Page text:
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Illinois Supreme Court Says Cities Can Keep Police Records Longer Than Union Agreements Allow

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Police departments across Illinois may be able to keep officer disciplinary files longer than union agreements allow.

The Illinois Supreme Court ruled Thursday in favor of the City of Chicago’s right to keep records, even though the union contract calls for them to be destroyed after five years.

The court says destroying such records violates public policy. And it comes at a time the public is seeking more disciplinary information in light of police brutality cases.  The decision likely makes it easier for other communities around the state to keep such records rather than getting rid of them after a fixed time.

It has been controversial in towns like Springfield, when city officials destroyed police records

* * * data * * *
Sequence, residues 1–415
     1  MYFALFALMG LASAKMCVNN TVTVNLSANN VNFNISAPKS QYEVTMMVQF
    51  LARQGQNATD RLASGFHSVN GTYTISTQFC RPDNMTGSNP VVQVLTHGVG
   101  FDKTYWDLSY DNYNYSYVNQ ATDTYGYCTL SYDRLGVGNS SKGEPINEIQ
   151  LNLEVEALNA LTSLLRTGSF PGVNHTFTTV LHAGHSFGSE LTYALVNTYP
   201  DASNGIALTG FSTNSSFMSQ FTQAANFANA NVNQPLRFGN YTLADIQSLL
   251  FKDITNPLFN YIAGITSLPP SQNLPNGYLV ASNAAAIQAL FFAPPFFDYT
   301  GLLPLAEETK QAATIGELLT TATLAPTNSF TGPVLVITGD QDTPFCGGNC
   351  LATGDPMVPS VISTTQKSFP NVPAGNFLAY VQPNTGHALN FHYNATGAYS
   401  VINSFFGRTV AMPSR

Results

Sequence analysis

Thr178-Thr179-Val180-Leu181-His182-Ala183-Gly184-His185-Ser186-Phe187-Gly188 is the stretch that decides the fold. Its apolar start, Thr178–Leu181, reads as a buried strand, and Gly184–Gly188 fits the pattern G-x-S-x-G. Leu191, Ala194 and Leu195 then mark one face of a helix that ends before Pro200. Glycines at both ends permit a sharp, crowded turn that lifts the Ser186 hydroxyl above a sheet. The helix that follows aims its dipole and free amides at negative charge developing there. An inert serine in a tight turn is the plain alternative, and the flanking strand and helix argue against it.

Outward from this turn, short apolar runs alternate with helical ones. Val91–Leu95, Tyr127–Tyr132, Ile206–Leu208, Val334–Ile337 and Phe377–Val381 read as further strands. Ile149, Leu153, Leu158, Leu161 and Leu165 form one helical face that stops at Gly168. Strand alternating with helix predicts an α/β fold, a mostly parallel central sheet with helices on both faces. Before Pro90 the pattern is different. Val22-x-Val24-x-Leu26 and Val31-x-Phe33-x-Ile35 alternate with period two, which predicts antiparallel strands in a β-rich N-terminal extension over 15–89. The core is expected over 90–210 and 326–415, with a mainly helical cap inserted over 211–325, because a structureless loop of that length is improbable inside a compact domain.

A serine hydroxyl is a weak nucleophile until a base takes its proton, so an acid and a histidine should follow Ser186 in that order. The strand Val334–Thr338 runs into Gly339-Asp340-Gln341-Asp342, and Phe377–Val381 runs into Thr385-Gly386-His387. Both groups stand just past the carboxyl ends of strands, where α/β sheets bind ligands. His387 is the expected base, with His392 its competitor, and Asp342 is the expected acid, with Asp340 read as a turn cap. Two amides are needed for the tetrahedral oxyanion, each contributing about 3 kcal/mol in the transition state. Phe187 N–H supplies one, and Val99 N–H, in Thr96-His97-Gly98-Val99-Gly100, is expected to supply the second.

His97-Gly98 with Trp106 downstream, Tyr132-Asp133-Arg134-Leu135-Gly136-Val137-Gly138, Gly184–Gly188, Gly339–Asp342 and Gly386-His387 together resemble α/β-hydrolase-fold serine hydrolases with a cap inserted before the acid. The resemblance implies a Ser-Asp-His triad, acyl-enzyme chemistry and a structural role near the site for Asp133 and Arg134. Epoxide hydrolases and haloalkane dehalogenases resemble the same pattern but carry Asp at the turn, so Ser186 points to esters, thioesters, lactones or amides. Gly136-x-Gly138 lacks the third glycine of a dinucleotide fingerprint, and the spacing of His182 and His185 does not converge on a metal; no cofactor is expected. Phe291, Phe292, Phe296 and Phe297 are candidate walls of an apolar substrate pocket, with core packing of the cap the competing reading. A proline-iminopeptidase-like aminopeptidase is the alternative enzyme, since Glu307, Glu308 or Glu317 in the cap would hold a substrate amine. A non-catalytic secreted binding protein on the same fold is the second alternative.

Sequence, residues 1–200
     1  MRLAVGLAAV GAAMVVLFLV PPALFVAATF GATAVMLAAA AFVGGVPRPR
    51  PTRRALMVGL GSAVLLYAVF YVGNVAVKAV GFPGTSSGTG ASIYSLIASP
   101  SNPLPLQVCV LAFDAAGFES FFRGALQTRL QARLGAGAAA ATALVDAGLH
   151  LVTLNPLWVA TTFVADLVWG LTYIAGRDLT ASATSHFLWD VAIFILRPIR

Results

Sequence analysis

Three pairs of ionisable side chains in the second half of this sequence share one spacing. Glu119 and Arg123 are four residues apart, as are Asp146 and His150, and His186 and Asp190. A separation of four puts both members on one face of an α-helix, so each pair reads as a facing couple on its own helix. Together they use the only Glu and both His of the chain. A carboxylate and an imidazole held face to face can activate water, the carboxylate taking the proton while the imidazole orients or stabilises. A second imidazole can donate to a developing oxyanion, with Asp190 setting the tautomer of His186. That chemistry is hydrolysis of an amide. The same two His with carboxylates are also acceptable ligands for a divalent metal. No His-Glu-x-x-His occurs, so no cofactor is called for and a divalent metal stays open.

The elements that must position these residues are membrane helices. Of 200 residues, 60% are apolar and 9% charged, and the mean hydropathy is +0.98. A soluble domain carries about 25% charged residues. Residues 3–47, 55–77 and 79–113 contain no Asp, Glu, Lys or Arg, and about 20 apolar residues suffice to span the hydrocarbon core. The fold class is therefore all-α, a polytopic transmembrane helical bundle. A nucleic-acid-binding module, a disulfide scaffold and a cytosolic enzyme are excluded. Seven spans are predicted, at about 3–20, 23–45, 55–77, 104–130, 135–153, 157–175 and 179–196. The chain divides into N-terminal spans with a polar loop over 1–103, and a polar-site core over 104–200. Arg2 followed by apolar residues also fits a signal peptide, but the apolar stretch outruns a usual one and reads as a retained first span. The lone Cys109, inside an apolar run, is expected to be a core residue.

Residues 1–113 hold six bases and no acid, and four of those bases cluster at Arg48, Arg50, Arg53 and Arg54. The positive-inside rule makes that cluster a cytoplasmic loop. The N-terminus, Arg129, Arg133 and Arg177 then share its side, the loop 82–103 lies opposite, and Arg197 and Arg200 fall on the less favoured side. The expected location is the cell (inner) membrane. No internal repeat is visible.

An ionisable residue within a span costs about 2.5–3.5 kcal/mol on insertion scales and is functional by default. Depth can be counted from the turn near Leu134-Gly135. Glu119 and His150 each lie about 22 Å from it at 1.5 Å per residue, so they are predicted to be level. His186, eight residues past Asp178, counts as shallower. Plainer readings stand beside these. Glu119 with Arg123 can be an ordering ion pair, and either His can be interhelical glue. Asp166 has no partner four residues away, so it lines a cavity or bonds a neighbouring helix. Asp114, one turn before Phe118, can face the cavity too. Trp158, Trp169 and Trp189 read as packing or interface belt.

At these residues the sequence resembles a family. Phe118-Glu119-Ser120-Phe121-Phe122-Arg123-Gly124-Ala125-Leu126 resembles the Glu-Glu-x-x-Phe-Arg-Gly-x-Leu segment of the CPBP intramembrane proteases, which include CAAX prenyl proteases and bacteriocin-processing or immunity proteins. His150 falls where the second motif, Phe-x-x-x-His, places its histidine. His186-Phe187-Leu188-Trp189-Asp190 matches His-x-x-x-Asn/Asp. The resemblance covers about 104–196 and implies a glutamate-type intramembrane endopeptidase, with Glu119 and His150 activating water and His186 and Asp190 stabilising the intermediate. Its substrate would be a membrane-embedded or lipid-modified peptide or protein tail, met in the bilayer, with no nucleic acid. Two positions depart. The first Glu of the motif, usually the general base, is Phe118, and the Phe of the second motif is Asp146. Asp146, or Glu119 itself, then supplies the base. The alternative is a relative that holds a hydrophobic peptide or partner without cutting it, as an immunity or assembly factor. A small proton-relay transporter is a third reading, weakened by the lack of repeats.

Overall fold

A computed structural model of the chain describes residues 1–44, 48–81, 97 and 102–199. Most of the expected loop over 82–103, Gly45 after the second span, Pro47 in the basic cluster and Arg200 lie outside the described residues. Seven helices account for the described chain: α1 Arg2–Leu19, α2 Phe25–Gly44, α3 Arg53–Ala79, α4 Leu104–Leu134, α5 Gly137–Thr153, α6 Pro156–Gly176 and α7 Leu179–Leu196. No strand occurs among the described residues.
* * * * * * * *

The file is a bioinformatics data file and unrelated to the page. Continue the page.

The justices rejected an arbitrator’s decision, which didn’t necessarily say records should be destroyed immediately, but said that the union and city should negotiate the disposition.

The  lone dissent came from Justice Thomas Kilbride, who wrote the decision might not bode well for unions in Illinois saying “It may well adversely impact the enforceability of other labor agreements.” 

When the court heard the case earlier this year, Chicago attorney Justin Houppert told the state’s high court that disposal of documents goes against  public record laws.

“The General Assembly explicitly stated that pursuant to fundamental principles of American constitutional government, public records are property of the people and should be maintained for their benefit,” said Houppert.

Chicago Mayor Lori Lightfoot called the ruling “entirely the right decision.”  The Better Government Association also applauded the decision.

“News organizations including the Invisible Institute, the Chicago Tribune and the Sun-Times have been seeking complaint records dating back to 1967. There is no question that people want their police departments to be accountable, and that is only possible with access to information like this,” said Matt Topic, the BGA’s outside general counsel in a prepared statement.

Bill Wheelhouse is a reporter with NPR Illinois in Springfield.

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